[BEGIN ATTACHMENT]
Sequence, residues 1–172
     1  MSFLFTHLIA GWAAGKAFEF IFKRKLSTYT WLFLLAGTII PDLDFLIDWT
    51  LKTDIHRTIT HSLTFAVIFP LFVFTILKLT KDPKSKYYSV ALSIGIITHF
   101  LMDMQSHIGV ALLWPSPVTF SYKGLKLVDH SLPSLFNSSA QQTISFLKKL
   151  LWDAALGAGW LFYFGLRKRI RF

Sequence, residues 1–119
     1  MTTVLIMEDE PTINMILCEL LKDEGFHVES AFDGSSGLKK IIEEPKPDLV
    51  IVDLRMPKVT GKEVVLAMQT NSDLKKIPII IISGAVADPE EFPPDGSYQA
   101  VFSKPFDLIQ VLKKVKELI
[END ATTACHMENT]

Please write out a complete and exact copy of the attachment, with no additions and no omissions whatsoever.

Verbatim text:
Sequence, residues 1–172
     1  MSFLFTHLIA GWAAGKAFEF IFKRKLSTYT WLFLLAGTII PDLDFLIDWT
    51  LKTDIHRTIT HSLTFAVIFP LFVFTILKLT KDPKSKYYSV ALSIGIITHF
   101  LMDMQSHIGV ALLWPSPVTF SYKGLKLVDH SLPSLFNSSA QQTISFLKKL
   151  LWDAALGAGW LFYFGLRKRI RF

Sequence, residues 1–119
     1  MTTVLIMEDE PTINMILCEL LKDEGFHVES AFDGSSGLKK IIEEPKPDLV
    51  IVDLRMPKVT GKEVVLAMQT NSDLKKIPII IISGAVADPE EFPPDGSYQA
   101  VFSKPFDLIQ VLKKVKELI